Palestinians say ’67 borders basis for talks

JERUSALEM — Palestinian President Mahmoud Abbas agreed to resume peace talks with Israel only after U.S. Secretary of State John Kerry gave him a letter guaranteeing that the basis of the negotiations will be Israel’s pre-1967 borders, two senior Palestinian officials said Saturday.

A Western official, however, later denied that the ‘67 lines would be the basis of negotiations.

The Palestinian officials, both of whom are close to the Palestinian leader and privy to internal discussions, said the U.S. letter also stipulated that both sides are to refrain from taking any steps that would jeopardize the outcome of the talks. Israel is not to issue new tenders for Jewish settlements in the West Bank, while the Palestinians are not to pursue diplomatic action against Israel at any international organizations, the officials said on condition of anonymity because they are not authorized to brief the media.

“The talks with Kerry were about to collapse, and the letter came as a lifeline in the last-minute bargaining,” one of the Palestinian officials said.

U.S. officials have said in the past that Kerry would reiterate standing American positions on the goals for renewed talks, including that a Palestinian state should be negotiated on the basis of Israel’s borders before the 1967 Mideast war, when Israel captured the Gaza Strip, West Bank and east Jerusalem.

There was no immediate comment from the State Department, though a Western official denied the Palestinian officials’ claim about the ‘67 borders.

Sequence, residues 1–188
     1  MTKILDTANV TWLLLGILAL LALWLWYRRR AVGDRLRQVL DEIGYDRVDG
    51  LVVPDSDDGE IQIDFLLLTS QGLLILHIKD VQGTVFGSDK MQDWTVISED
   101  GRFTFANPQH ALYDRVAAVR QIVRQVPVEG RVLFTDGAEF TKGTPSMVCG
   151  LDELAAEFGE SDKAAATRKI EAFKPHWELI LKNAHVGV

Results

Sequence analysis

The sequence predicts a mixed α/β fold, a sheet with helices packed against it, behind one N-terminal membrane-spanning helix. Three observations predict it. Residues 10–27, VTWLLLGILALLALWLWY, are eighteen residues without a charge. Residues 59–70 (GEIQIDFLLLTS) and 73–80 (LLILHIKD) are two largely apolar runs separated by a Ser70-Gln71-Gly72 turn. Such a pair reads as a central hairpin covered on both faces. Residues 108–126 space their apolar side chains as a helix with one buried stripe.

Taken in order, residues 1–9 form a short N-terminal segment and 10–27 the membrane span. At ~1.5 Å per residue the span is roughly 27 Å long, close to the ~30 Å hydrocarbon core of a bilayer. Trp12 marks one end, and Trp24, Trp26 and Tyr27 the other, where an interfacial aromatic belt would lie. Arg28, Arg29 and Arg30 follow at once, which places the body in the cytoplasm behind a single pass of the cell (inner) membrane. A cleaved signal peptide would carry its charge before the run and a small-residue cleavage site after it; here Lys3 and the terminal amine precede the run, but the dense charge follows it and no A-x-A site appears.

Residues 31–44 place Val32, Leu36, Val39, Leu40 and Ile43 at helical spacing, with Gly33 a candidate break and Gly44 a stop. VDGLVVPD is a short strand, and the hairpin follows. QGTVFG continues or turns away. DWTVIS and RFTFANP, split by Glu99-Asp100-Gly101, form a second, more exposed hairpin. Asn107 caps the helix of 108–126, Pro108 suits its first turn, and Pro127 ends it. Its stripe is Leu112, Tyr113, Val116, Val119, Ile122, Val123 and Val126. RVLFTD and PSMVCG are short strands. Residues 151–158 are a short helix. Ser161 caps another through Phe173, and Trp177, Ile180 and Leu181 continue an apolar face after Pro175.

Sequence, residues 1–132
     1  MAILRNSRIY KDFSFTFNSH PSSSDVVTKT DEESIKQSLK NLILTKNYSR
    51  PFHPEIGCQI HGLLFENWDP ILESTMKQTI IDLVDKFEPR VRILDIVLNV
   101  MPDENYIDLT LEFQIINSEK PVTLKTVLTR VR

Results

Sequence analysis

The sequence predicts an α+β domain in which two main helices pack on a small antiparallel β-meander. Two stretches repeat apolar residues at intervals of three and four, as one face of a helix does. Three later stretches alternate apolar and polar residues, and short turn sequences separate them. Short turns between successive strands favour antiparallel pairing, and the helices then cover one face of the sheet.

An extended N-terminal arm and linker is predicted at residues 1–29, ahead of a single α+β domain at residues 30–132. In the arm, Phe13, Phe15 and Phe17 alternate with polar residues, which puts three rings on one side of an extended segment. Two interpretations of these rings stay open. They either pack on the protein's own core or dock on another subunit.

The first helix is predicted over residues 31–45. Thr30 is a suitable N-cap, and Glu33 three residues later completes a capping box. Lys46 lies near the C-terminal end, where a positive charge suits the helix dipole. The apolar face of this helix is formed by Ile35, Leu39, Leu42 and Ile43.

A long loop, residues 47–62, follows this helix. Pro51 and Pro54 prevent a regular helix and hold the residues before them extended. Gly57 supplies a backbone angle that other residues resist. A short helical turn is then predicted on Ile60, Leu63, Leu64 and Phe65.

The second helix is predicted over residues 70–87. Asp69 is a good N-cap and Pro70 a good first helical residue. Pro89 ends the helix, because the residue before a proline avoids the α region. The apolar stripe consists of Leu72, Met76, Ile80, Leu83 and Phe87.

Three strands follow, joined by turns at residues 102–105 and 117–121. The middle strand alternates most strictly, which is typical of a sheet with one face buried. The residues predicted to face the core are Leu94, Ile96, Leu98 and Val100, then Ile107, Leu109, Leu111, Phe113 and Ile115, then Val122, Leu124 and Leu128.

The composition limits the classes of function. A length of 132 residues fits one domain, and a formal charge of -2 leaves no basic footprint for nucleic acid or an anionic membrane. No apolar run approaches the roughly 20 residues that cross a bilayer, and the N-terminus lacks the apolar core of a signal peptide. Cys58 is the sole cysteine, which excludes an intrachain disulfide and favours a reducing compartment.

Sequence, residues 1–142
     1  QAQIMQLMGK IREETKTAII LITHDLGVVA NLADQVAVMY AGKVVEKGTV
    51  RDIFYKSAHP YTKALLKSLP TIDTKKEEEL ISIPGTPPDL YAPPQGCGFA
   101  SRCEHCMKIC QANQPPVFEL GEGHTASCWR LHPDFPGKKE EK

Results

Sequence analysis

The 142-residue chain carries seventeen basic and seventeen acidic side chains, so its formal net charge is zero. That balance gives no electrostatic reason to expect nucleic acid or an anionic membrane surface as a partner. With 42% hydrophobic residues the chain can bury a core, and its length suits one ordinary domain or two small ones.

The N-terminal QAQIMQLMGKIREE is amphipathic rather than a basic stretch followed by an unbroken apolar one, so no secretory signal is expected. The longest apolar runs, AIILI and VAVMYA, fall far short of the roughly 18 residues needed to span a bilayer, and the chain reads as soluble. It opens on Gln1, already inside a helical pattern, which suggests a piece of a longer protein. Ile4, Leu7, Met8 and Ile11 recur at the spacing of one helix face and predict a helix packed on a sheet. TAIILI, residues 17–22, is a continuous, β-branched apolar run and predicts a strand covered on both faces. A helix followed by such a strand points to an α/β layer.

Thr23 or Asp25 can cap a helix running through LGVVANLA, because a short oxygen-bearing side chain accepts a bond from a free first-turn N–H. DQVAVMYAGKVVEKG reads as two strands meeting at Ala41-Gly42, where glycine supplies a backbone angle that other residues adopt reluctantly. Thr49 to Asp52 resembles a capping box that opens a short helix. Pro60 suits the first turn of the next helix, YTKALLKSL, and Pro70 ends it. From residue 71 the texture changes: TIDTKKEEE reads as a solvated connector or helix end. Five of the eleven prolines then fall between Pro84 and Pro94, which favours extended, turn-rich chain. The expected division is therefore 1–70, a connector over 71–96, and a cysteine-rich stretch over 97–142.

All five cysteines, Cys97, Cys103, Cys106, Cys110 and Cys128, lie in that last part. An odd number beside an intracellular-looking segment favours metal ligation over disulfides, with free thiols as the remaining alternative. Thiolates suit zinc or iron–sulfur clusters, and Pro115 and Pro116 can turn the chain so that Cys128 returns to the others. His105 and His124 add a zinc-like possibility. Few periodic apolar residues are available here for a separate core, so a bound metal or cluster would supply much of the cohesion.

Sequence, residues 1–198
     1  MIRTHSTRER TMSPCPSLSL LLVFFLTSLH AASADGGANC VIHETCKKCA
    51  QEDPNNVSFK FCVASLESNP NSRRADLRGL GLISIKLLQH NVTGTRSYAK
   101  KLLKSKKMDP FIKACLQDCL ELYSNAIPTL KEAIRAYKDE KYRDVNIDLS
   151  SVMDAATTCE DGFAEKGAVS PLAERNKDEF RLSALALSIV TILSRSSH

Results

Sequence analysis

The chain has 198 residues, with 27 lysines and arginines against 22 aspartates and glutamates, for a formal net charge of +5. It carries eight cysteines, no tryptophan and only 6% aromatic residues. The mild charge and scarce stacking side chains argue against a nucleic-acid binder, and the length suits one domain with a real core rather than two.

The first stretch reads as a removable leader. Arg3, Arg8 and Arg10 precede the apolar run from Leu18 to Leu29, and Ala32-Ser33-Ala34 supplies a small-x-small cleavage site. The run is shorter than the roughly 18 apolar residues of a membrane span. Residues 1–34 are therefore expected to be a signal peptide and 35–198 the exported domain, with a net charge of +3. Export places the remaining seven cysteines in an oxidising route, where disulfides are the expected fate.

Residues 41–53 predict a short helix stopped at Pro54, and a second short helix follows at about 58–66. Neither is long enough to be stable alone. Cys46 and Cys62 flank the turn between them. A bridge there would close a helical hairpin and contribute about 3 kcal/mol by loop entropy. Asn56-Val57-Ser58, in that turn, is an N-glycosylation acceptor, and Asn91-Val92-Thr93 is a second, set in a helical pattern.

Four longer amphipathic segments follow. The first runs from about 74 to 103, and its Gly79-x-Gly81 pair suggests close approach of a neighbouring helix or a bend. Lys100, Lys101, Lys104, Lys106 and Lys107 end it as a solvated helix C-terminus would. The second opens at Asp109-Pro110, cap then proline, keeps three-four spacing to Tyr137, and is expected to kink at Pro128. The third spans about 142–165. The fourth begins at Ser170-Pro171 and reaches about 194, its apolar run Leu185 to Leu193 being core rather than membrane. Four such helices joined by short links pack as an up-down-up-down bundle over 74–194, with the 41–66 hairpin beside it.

“There are no terms of reference or any other agreements that the `67 lines will be the basis for negotiations,” the official said. The official spoke on condition of anonymity as the official had no authorization to speak to the media.

After a round of intense shuttle diplomacy, Kerry announced on Friday that Israel and the Palestinians had agreed on a basis for returning to the peace process, which broke down five years ago. The two sides are to meet – likely in the coming week – to work out final details on actually resuming their negotiations on the toughest issues of the Israeli-Palestinian conflict.

Kerry would not give details on the agreement on the negotiations’ framework. “The best way to give these negotiations a chance is to keep them private.” he said. “We know that the challenges require some very tough choices in the days ahead. Today, however, I am hopeful.”

The Palestinians long refused to return to the negotiating table unless Israel agreed to several preconditions, including that the talks be based on Israel’s pre-1967 borders. Israel frequently called for talks to resume without preconditions, insisting that all core issues should be resolved through dialogue.

Speculation has been rife for weeks that the sides would find a way to sidestep Israel’s reluctance to offer assurances of the 1967 lines as the framework for talks by having the guarantee provided by the United States.

Israeli Prime Minister Benjamin Netanyahu faces sharp opposition from within his majority coalition to such a move. One key ally, Economics Minister Naftali Bennett, has threatened to pull his Jewish Home Party out of the government altogether if the prime minister agrees to the border conditions.